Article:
Boris Johnson and the Exploding Burka
Eric Toussaint
Nicaragua: The Evolution of the Government of President Daniel Ortega Since 2007 
Adolf Alzuphar
Days of Sagebrush, Nights of Jasmine in LA
Robert J. Burrowes
A Last Ditch Strategy to Fight for Human Survival
August 15, 2018
Jason Hirthler
Russiagate and the Men with Glass Eyes
Paul Street
Omarosa’s Book Tour vs. Forty More Murdered Yemeni Children
Charles Pierson
Is Bankruptcy in Your Future?
George Ochenski
The Absolute Futility of ‘Global Dominance’ in the 21st Century
Gary Olson
Are We Governed by Secondary Psychopaths
Fred Guerin
On News, Fake News and Donald Trump
Arshad Khan
A Rip Van Winkle President Sleeps as Proof of Man’s Hand in Climate Change Multiplies and Disasters Strike
P. Sainath
The Unsung Heroism of Hausabai
Georgina Downs
Landmark Glyphosate Cancer Ruling Sets a Precedent for All Those Affected by Crop Poisons
Rev. William Alberts
United We Kneel, Divided We Stand
Chris Gilbert
How to Reactivate Chavismo
Kim C. Domenico
A Coffeehouse Hallucination: The Anti-American Dream Dream
August 14, 2018
Daniel Falcone
On Taking on the Mobilized Capitalist Class in Elections: an Interview With Noam Chomsky
Karl Grossman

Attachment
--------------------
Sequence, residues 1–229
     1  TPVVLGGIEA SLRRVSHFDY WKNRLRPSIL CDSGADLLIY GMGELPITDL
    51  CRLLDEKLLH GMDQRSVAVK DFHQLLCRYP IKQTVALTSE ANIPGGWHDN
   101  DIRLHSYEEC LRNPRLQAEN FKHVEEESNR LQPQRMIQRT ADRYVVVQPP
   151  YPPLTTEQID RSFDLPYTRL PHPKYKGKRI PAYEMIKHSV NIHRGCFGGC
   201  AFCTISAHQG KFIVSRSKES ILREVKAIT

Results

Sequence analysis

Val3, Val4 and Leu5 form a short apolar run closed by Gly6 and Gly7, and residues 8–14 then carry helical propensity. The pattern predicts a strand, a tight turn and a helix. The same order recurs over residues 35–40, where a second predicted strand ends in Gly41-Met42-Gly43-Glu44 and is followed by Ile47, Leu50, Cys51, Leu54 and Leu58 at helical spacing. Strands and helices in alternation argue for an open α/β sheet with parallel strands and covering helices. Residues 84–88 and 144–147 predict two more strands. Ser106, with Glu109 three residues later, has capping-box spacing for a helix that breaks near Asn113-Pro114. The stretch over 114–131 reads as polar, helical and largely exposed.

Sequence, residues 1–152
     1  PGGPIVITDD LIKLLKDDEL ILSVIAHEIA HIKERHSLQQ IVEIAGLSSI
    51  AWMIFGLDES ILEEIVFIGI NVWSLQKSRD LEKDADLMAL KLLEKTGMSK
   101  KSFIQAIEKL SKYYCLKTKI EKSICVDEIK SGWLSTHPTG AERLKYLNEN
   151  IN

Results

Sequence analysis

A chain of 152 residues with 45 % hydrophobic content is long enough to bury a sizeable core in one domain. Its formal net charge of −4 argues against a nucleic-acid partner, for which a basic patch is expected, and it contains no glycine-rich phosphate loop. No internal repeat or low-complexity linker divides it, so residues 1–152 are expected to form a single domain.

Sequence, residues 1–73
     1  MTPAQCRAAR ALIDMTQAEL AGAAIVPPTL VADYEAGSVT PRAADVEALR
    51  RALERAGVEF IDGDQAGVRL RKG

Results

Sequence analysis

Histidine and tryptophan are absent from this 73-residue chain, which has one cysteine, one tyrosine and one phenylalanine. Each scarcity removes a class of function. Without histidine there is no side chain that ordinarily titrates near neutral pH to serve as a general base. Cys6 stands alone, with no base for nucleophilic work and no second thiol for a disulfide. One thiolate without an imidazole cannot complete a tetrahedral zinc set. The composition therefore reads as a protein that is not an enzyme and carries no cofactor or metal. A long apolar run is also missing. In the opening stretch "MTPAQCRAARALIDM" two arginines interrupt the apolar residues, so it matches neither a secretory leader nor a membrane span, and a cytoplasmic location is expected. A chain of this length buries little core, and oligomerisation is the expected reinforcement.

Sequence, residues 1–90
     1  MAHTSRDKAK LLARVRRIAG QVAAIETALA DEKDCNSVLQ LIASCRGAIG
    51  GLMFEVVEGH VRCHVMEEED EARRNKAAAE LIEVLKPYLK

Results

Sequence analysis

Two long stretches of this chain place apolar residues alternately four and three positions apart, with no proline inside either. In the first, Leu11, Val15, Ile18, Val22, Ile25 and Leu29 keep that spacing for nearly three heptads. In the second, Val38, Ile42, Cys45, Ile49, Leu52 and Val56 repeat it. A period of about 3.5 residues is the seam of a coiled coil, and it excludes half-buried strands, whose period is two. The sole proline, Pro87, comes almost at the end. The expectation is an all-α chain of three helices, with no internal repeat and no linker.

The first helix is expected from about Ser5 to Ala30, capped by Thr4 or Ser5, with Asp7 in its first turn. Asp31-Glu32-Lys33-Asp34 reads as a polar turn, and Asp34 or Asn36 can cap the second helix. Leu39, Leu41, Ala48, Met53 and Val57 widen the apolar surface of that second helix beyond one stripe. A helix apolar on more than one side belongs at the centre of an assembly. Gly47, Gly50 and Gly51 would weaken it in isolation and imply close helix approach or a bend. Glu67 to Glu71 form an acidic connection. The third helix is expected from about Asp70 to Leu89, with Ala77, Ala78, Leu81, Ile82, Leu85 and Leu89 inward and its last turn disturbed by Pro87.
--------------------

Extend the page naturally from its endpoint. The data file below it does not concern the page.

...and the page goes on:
Turning Space Into a War Zone
Jonah Raskin
“Fuck Wine Grapes, Fuck Wines”: the Coming Napafication of the World
Manuel García, Jr.
Climate Change Bites Big Business
Alberto Zuppi - Cesar Chelala
Argentina at a Crossroads
Chris Wright
On “Bullshit Jobs”
Rosita A. Sweetman
Dear Jorge: On the Pope’s Visit to Ireland
Binoy Kampmark
Authoritarian Revocations: Australia, Terrorism and Citizenship
Sara Johnson
The Incredible Benefits of Sagebrush and Juniper in the West
Martin Billheimer
White & Red Aunts, Capital Gains and Anarchy
Walter Clemens
Enough Already! Donald J. Trump Resignation Speech
August 13, 2018
Michael Colby
Migrant Injustice: Ben & Jerry’s Farmworker Exploitation
John Davis
California: Waging War on Wildfire
Alex Strauss
Chasing Shadows: Socialism Won’t Go Away Because It is Capitalism’s Antithesis 
Kathy Kelly
U.S. is Complicit in Child Slaughter in Yemen
Fran Shor
The Distemper of White Spite
Chad Hanson
We Know How to Protect Homes From Wildfires. Logging Isn’t the Way to Do It
Faisal Khan
Nawaz Sharif: Has Pakistan’s Houdini Finally Met his End?
Binoy Kampmark
Trump Versus Journalism: the Travails of Fourth Estate
Wim Laven
Honestly Looking at Family Values
Fred Gardner
Exploiting Styron’s Ghost
FacebookTwitterGoogle+RedditEmail